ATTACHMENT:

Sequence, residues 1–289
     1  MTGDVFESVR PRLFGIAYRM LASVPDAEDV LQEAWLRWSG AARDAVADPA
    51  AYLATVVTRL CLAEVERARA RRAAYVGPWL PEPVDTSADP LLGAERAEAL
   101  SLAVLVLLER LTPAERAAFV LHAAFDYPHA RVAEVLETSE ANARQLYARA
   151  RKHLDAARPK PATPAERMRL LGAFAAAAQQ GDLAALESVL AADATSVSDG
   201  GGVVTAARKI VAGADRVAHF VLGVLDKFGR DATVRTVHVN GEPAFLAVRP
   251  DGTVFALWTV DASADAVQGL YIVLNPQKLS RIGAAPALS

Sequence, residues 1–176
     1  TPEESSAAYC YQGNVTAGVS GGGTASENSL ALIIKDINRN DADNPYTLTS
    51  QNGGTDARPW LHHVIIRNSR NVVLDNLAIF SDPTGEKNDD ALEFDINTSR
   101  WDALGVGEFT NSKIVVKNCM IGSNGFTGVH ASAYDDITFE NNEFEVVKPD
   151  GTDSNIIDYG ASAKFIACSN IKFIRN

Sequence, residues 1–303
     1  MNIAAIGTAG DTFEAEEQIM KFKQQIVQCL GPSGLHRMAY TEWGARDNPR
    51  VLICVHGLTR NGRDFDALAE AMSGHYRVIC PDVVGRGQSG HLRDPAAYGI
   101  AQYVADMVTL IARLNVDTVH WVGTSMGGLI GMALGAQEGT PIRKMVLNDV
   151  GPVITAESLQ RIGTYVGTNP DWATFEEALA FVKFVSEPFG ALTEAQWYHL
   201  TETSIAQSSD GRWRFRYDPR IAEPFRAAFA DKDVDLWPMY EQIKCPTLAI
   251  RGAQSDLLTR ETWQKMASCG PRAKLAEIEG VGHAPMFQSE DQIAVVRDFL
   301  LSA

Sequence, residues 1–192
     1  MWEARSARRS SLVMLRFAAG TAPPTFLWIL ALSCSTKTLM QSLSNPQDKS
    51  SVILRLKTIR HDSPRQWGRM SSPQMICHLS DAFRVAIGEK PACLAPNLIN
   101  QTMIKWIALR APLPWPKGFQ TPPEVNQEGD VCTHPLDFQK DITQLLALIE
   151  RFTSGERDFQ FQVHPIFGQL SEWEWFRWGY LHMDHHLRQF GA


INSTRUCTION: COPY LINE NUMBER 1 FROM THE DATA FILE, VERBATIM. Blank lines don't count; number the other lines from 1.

Sequence, residues 1–289